Lysosome biogenesis and recycling are important for cellular homeostasis. Lysosomal proteins are transported to the lysosome via the endosomal system, where early endosomes mature to late endosomes, which then fuse with the lysosome, delivering their cargo [70]. There is evidence that GCase deficiency impairs lysosome biogenesis via autophagic lysosome reformation [71]. Normally, after degradation of autolysosomal products, mTOR is activated to terminate autophagy and phosphorylates its substrate p70S6Kinase (phopho-S6K). This leads to formation of proto-lysosomal tubules in the autolysosomes; these tubules are ultimately excluded from autolysosomes to mature into functional lysosomes via the endosomal system [70]. Mouse embryonic fibroblasts with GBA knockout or heterozygous GBA mutation have reduced levels of phopho-S6K, which can be reversed by recombinant GCase enzyme replacement, confirming the direct relationship between loss of GCase activity and loss of mTOR activity [71]. Furthermore, these cells exhibit increased levels of Rab7 (a marker of late endosomes) and increased co-localization of Rab7 with the lysosomal enzyme cathepsin D, suggesting slower dissociation of proto-lysosomes from autolysosomes and slower lysosome maturation and recycling. Over time, with repeated cycles of autophagy followed by autophagic lysosome reformation, this would conceivably result in fewer functional lysosomes, contributing to lysosomal dysfunction in GBA-mutant cells.

GCase and α-syn: a bi-directional loop?

Knockdown of GCase in neurons causes accumulation of GlcCer, reduced rate of proteolysis, accumulation and enlargement of lysosomal compartment, and increased levels of soluble monomeric, oligomeric and insoluble α-syn [67]. When these cells over-express WT or A53T α-syn, there is a significant decline in cell viability compared with cells with normal GCase; interestingly, cell viability is not reduced if the cells with GCase knockdown over-express an artificially generated fibrillation-incompetent α-syn mutant, suggesting that GCase knockdown promotes accumulation and neurotoxicity of α-syn through polymerization-dependent mechanisms. Intriguingly, the effect of lysosomal dysfunction in GCase deficiency seems to preferentially affect α-syn, since the levels of other aggregation-prone proteins such as tau and huntingtin are not increased in GCase-knockdown cells. Furthermore, treatment with the lysosomal inhibitor leupeptin results in increased total insoluble proteins but does not increase levels of soluble oligomeric α-syn, while knockdown of GCase results in increased levels of soluble oligomeric α-syn but not total insoluble proteins. This suggests that GCase deficiency preferentially affects the solubility of α-syn and that this effect is due to alteration of the GlcCer pathway rather than a result of general lysosomal inhibition. In vitro data have shown that increasing the concentrations of GlcCer can stabilize the formation of a soluble assembly-competent intermediate α-syn species and promote α-syn fibril formation, thus offering a potential mechanism by which GlcCer accumulation in GCase deficiency may promote synucleinopathy. These observations are corroborated in GD mouse brain showing reduced GCase activity, accumulation of GlcCer, and degeneration of neurons in substantia nigra and cortex, with increased soluble oligomeric and insoluble α-syn [67].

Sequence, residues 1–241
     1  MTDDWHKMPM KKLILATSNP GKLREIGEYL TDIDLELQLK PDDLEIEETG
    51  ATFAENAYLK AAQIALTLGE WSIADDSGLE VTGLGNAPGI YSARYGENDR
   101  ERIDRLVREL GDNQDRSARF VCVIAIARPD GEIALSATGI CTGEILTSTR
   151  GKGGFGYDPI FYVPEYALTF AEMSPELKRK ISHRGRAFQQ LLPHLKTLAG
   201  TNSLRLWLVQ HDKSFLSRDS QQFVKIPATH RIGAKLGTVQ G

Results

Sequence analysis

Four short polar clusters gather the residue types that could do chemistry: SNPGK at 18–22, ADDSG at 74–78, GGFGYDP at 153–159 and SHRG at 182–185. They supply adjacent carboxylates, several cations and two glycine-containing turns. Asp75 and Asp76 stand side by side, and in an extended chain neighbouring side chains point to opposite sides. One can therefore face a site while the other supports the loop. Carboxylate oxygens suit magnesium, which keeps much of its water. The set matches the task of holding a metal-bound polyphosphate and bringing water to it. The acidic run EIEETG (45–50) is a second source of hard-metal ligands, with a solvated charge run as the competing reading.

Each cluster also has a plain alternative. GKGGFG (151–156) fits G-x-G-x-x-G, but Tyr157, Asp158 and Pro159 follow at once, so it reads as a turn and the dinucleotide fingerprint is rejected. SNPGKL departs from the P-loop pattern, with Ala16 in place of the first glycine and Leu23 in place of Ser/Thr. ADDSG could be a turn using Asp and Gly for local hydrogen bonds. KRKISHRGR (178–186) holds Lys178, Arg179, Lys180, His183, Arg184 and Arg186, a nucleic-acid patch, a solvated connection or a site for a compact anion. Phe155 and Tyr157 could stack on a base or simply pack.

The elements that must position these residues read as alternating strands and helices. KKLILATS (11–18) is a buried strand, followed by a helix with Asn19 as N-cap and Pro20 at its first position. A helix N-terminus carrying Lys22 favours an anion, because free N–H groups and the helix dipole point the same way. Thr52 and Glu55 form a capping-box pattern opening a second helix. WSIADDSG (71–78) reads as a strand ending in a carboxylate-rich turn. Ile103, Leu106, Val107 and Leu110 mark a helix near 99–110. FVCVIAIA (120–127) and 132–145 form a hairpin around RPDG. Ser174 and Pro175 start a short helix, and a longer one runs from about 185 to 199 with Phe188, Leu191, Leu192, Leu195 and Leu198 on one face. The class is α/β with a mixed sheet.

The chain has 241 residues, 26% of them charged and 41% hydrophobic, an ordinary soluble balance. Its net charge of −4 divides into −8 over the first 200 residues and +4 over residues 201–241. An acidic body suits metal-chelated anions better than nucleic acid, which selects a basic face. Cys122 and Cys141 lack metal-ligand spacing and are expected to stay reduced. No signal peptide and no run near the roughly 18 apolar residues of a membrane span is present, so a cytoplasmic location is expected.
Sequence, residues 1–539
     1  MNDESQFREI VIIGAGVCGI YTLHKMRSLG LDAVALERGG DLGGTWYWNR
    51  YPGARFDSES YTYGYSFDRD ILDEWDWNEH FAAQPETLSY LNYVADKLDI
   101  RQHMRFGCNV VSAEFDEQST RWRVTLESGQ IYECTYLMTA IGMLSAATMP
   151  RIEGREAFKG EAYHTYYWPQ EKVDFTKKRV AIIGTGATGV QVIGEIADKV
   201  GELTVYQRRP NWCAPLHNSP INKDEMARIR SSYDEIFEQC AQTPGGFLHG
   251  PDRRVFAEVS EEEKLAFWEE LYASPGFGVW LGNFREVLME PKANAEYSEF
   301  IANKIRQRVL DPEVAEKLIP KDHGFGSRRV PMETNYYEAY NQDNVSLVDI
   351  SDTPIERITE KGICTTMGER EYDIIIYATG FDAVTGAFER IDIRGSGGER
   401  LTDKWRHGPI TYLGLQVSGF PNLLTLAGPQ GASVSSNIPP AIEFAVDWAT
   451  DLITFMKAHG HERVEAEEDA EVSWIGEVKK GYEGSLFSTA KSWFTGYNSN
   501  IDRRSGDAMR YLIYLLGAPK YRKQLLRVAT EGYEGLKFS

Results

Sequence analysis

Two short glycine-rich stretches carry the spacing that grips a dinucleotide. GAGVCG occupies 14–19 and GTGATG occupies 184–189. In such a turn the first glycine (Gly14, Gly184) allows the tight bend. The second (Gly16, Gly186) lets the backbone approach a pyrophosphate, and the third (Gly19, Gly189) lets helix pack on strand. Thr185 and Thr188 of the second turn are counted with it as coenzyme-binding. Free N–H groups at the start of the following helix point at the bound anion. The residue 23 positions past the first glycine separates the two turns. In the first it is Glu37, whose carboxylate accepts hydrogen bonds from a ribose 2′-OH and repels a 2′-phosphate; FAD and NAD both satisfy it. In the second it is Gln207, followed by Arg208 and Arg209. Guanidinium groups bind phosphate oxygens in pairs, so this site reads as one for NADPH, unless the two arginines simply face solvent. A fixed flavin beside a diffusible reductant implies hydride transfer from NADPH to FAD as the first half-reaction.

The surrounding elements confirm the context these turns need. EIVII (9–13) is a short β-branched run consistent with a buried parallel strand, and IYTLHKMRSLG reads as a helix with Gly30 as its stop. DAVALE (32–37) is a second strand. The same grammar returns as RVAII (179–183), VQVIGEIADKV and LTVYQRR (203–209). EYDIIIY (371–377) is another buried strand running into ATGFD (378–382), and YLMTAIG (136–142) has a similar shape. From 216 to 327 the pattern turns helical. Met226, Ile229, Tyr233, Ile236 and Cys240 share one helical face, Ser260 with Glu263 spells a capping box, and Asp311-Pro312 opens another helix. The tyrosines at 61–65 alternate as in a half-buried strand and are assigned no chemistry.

Decreased GCase activity has also been noted in postmortem brain samples of iPD patients; furthermore, the decrease in GCase activity in the substantia nigra of PD patients correlates with increased α-syn levels [16, 17, 65, 72]. In SH-SY5Y cells, over-expression of α-syn reduces GCase activity in a dose-dependent manner, suggesting that α-syn accumulation can lead to reduced activity of WT GCase in cells with no GBA mutations. A study on postmortem brain samples of early-stage iPD patients has shown reduced GCase activity selectively in brain regions that accumulate α-syn [16]. Furthermore, even though there is no change in constituent lysosomal membrane proteins (indicating no overt loss or accumulation of lysosomes), there is evidence of impaired CMA with reduced LAMP2A levels that correlates with increased α-syn and reduced GCase activity, suggesting that these are early events in the clinical course of PD.